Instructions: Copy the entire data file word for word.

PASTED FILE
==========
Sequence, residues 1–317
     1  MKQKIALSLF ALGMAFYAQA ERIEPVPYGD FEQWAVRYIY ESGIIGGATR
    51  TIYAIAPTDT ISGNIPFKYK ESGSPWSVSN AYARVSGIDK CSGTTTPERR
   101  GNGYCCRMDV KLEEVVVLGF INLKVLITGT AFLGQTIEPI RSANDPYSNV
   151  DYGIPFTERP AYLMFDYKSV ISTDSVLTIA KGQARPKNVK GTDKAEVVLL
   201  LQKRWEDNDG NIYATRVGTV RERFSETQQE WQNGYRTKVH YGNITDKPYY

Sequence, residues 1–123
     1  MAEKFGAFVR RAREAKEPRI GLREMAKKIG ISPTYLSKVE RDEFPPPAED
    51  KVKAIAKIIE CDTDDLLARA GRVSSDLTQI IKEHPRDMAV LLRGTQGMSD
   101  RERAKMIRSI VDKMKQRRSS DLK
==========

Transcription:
Sequence, residues 1–317
     1  MKQKIALSLF ALGMAFYAQA ERIEPVPYGD FEQWAVRYIY ESGIIGGATR
    51  TIYAIAPTDT ISGNIPFKYK ESGSPWSVSN AYARVSGIDK CSGTTTPERR
   101  GNGYCCRMDV KLEEVVVLGF INLKVLITGT AFLGQTIEPI RSANDPYSNV
   151  DYGIPFTERP AYLMFDYKSV ISTDSVLTIA KGQARPKNVK GTDKAEVVLL
   201  LQKRWEDNDG NIYATRVGTV RERFSETQQE WQNGYRTKVH YGNITDKPYY

Sequence, residues 1–123
     1  MAEKFGAFVR RAREAKEPRI GLREMAKKIG ISPTYLSKVE RDEFPPPAED
    51  KVKAIAKIIE CDTDDLLARA GRVSSDLTQI IKEHPRDMAV LLRGTQGMSD
   101  RERAKMIRSI VDKMKQRRSS DLK